In my case, I casually blasted my auction budget on this trek. In front of all those people I looked like I was splashing lots of cash for a brilliant cause. Which I was in a way – but look at what I got for it. Six days in a part of the world I would probably never get to see, doing something I would never get to do otherwise. The chance to challenge my comfortable, cosy, middle-of-the-road existence with a once-in-a-lifetime experience (unless I love it so much I go back, but I currently doubt that). As the brochure says, I’ll always be able to bore people at dinner parties with my stories of “when I was in the Arctic…”

Put it like that, I got a bargain.

A company called Breaking Strain Events donated this trek. They won’t make a profit from my ticket. So let’s raise a glass to them, because they deserve the generous accolade, not me. And they deserve a little promotion off the back of it too. So now that you’ve finished reading this, go and check out Breaking Strain Events. You never know, you might accidentally get yourself signed up for a chilly stroll across the Arctic.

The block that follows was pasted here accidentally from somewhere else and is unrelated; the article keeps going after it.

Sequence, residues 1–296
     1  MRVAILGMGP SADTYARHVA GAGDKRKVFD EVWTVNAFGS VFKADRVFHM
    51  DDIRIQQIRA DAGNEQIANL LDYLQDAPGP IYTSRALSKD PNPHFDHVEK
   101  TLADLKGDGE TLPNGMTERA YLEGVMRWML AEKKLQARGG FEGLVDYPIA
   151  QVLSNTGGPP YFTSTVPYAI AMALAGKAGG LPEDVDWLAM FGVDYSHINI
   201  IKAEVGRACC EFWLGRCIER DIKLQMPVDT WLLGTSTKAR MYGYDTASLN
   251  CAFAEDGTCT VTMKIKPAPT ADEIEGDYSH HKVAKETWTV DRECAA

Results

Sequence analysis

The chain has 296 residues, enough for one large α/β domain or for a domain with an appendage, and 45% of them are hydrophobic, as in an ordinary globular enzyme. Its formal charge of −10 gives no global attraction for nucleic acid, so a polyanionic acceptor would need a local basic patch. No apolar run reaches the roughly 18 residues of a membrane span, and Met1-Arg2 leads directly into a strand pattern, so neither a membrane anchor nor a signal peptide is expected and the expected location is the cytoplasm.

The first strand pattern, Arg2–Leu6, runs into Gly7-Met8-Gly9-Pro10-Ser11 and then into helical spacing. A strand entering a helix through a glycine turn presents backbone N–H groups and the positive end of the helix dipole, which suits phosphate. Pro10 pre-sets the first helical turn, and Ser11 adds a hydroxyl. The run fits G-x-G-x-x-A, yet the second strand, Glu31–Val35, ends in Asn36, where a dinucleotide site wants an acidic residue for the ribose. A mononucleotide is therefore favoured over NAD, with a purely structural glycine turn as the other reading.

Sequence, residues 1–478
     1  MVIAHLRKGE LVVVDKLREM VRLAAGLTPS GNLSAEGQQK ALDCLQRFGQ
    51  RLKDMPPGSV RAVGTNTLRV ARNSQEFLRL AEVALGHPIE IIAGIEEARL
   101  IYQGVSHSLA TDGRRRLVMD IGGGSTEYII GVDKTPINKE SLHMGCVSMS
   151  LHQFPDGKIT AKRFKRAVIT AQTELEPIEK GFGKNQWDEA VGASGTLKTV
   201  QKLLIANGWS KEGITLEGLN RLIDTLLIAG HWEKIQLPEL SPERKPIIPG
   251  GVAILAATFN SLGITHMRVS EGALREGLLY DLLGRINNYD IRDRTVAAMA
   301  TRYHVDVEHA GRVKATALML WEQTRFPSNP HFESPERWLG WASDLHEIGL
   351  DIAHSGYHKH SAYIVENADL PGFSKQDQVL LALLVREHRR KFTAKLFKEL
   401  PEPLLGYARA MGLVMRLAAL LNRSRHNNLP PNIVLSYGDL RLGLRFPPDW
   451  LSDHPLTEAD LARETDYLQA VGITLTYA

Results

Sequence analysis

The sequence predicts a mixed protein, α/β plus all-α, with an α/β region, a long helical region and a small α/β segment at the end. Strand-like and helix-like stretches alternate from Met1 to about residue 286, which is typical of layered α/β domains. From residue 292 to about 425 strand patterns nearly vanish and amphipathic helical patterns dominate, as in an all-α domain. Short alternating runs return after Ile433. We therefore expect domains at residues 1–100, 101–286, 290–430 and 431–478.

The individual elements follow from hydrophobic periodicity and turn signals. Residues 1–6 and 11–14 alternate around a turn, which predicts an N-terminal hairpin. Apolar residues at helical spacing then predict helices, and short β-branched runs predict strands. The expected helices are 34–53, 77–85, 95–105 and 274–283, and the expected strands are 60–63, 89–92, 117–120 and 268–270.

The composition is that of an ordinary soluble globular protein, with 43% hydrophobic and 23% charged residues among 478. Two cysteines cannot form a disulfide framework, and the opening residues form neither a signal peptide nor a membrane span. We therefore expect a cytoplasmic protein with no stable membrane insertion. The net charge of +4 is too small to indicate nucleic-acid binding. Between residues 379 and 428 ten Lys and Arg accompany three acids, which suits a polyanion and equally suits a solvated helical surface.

If you’d like to, you can donate to CHAS via my justgiving page 

I’m going on an Arctic trek. Sorry, what?

You heard me. An Arctic trek.

I don’t, as a rule, do the camping thing.

I don’t take much exercise.

I don’t particularly like the cold.

So what could possibly go wrong on a 3 day, 50 mile trek into the Arctic Circle, dragging a pulk through snow and ice and sleeping under canvas in -30°?

I’ve decided the only way to confront this impending disaster is to blog my way through it. Because if I’m actually going to make this crazy journey, you (dear reader) can jolly well come with me.

 

P.S. The lovely illustrations you will see on this blog are by Kayleigh McCallum